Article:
On the Nash County side of Rocky Mount, Bennie Harrell trudges through the shell of the Rocky Mount home where his family has lived for 24 years. Flood water climbed nearly six feet up the walls, buckling hardwoods and saturating furniture.
On the Edgecombe County side of Rocky Mount, Kameko Hobbs, a mother of four, faces a similar flooded fate.
But, the process in which both will get governor's flood relief is very different.
Edgecombe County flood victims can qualify for up to $700, which could cover a mortgage payment. The downside is it the money will be doled out on a first-come, first-serve basis.
"Rather than giving $500 or $700 to one family, we may have 2,000 or 2,500 households that would receive nothing. Their need may have been just as great as the first people who got in," says Carl Daughtry, Nash County Social Services director.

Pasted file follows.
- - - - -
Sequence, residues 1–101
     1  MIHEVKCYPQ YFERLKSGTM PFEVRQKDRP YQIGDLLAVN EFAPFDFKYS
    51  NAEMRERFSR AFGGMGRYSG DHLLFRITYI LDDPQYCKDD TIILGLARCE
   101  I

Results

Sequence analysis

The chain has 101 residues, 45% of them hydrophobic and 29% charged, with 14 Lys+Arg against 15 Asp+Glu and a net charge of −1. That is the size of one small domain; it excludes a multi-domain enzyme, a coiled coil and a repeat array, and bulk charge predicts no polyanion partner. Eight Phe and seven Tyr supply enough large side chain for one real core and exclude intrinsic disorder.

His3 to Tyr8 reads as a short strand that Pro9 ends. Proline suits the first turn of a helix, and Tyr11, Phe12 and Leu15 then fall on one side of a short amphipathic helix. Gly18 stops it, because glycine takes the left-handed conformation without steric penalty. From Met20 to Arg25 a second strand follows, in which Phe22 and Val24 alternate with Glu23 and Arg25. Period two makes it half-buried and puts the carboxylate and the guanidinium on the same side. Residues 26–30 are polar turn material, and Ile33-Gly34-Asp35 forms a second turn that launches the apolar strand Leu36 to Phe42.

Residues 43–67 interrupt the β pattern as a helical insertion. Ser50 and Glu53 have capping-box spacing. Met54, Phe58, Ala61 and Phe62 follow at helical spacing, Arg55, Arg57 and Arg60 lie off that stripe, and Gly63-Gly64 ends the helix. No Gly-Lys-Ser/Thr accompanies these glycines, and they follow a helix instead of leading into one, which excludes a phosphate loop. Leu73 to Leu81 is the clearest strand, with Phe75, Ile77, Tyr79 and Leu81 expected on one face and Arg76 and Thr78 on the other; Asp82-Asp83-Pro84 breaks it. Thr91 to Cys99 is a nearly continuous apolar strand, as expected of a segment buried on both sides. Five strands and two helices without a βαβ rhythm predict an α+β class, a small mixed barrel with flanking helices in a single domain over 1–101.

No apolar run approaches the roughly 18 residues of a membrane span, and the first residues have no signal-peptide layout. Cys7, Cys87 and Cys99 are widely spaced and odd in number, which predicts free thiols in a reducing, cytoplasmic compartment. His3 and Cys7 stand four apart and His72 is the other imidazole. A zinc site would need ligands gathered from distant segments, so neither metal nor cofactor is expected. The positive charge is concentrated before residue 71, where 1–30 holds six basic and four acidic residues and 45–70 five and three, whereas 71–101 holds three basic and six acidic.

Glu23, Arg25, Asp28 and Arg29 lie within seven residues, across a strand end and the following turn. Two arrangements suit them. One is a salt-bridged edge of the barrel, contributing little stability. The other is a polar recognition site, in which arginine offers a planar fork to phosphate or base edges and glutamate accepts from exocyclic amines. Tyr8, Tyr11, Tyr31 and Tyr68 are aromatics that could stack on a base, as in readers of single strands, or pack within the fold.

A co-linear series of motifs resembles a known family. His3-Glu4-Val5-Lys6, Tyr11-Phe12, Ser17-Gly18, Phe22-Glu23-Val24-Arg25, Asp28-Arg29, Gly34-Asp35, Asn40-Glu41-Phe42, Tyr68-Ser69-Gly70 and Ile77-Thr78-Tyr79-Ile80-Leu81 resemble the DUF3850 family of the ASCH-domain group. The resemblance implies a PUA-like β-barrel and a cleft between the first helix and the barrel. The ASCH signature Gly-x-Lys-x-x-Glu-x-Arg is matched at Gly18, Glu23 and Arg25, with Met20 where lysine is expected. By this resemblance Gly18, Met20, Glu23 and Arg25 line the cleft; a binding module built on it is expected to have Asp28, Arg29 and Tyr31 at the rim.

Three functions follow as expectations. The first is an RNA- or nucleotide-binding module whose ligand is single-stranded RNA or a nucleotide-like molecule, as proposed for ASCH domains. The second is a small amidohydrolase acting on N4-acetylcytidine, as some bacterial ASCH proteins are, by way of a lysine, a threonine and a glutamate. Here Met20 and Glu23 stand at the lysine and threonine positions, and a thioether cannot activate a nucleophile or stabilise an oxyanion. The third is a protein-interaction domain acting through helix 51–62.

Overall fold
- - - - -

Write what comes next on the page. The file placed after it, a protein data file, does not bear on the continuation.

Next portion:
That said, Nash County leaders have decided to give all flooded families a flat payment of $75 -- enough for some groceries or medication.
Whatever the distribution process, $75 or $700 cannot even begin to replace what Harrell or Hobbs lost. But, it is a start.
"They don't have to give us nothing. So, all I can say is whatever anybody gives, they ought to be grateful for," says Hobbs.
"I think you're grateful for whatever help you might receive no matter how small or how large it may be. We've been awful lucky, and we've had a lot of help. A lot of people here have not had a lot of help," says Harrell.
Many counties will begin writing checks to flood victims on Thursday. Check with your county social services department for more information. Reporter: Cullen Browder
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